Vietnam’s culture and tourism ministry again condemned the practice of animal sacrifices at several festivals, saying they should be ended, but the event organizers did not agree, Tuoi Tre newspaper reported Friday.
Minister of Culture, Sport and Tourism Hoang Tuan Anh was quoted as saying at a meeting in Hanoi Thursday that the “bloody” and “brutal” images of buffaloes being sledgehammered and pigs being cut in half were “repugnant” and need to be “stopped immediately”.
Even though the slaughter took place during Vietnamese village festivals, once their images were uploaded on the Internet, the whole world would know and the images then become representative of the country, he said.
Anh was referring to a pig slaughter festival in the northern province of Bac Ninh which faced strong opposition from the Hong Kong-based Animal Asia Foundation in January.
Less than two months later Vietnamese netizens voiced their resentment at a buffalo sacrifice festival in nearby Phu Tho Province.
“Such violent festivals must not take place in the future. If we state agencies let them continue, it will show that we are helpless and indifferent to public opinion,” Anh said, without clarifying how his ministry plans to handle the issue.
But Vu Xuan Thanh, chief inspector of the ministry, has made it clear that the government will not ban the festivals.
Villagers, however, should change the way they carry out the practices so that they are “discreet” and “painless” to animals, he said.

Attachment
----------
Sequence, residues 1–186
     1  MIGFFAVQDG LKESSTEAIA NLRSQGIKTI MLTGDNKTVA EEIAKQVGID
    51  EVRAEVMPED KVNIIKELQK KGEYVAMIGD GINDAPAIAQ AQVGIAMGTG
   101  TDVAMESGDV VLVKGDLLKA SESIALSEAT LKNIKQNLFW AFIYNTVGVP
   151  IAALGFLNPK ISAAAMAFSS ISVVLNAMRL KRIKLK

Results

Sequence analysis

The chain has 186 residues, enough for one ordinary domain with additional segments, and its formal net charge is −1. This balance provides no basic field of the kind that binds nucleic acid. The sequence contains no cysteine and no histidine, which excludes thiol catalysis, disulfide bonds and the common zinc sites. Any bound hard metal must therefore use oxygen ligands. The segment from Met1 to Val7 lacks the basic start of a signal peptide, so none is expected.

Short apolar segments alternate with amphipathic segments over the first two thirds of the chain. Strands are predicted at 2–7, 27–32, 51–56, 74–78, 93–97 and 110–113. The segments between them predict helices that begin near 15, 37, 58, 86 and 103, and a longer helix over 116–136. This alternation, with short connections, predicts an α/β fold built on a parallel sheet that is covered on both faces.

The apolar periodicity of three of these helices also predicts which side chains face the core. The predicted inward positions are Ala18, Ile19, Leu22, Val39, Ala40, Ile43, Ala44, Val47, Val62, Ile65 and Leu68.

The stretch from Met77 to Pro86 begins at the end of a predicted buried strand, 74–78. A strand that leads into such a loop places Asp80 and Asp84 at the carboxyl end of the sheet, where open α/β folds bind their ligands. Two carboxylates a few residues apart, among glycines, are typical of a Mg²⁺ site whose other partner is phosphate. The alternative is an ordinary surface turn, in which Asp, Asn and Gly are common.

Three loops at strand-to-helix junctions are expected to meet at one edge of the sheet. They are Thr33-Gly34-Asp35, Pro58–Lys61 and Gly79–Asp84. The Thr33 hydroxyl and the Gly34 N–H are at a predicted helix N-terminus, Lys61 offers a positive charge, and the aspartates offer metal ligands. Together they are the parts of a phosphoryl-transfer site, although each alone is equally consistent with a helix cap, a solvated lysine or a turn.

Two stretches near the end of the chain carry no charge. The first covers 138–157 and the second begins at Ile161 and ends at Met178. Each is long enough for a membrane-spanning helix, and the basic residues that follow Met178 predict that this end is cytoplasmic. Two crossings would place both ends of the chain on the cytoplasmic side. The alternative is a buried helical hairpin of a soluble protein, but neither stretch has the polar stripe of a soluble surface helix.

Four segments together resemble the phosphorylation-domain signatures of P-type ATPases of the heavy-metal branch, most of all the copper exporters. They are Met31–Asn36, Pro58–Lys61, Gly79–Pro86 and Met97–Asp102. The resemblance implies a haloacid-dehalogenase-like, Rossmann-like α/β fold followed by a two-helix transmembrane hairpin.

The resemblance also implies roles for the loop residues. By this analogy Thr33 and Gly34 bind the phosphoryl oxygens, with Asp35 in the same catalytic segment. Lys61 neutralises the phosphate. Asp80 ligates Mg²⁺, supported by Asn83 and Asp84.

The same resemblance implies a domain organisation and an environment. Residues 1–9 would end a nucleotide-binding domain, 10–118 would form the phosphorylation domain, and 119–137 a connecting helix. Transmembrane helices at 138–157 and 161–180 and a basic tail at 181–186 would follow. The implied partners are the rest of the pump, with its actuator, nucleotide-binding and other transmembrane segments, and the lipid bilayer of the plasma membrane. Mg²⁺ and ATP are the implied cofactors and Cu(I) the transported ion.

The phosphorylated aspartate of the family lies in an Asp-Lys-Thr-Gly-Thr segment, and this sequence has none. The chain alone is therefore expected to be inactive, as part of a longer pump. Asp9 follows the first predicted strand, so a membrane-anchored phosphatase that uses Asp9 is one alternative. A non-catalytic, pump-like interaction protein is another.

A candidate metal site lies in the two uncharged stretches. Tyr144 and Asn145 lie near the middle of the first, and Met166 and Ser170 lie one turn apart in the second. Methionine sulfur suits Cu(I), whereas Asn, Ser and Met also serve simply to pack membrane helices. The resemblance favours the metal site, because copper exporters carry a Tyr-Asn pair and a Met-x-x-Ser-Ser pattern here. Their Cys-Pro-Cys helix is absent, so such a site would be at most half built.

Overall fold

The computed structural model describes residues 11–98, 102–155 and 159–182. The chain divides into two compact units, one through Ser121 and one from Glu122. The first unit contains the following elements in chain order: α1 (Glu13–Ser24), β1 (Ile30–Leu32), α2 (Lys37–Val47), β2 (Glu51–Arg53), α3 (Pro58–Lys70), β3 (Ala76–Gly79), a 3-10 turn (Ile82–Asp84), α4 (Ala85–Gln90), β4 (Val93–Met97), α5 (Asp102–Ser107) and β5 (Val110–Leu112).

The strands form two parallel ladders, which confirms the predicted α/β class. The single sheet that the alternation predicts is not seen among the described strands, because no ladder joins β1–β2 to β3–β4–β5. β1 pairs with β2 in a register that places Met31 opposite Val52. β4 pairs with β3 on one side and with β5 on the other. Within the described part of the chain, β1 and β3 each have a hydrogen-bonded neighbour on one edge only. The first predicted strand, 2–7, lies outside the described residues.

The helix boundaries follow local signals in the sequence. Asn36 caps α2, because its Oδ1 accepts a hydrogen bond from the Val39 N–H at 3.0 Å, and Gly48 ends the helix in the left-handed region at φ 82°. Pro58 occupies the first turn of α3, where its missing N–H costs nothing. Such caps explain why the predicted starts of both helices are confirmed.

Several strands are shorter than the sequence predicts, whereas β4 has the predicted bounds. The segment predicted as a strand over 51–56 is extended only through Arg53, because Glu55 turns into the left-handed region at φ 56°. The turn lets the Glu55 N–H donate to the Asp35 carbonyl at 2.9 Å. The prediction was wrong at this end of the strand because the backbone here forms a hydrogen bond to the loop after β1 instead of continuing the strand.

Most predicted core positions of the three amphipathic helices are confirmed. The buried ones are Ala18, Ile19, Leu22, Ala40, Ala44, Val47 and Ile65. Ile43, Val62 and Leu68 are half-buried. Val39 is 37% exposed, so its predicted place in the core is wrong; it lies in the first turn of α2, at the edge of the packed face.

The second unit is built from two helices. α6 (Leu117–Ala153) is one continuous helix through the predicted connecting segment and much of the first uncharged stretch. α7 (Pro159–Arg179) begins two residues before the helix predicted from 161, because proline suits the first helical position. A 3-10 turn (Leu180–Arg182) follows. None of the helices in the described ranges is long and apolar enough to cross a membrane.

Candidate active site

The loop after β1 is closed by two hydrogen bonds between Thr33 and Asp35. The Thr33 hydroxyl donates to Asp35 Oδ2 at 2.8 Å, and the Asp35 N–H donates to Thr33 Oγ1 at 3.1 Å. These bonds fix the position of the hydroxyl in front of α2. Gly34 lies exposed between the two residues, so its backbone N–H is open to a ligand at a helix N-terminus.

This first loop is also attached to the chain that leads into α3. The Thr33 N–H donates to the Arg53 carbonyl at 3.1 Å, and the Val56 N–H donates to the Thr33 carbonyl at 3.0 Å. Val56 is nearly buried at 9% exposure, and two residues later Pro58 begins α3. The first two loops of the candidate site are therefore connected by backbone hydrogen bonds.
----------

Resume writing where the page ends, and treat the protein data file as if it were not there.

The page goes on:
Despite agreeing with the ministry that the festivals’ “scary” images spread easily in the digital era, Tran Huu Son, vice chairman of the Association of Vietnamese Folklorists, said villages’ cultural aspects should be decided by the villages themselves.
“The government cannot ban the practice of animal sacrifice at festivals because it has nothing to do with someone’s life.
“It is the villages’ custom and should be adjusted with villagers’ consent and not administrative orders.”
When it comes to festivals, the government should only manage things like food safety and security, he said.
Nguyen Dinh Loi, an organizer of the Bac Ninh festival, said it is “impossible” to change villagers’ mindsets about the festival overnight, especially that of seniors.
An unnamed Phu Tho villager also said his village would not end the buffalo sacrifice festival. However, he promised his folks would consider changing the killing methods in future.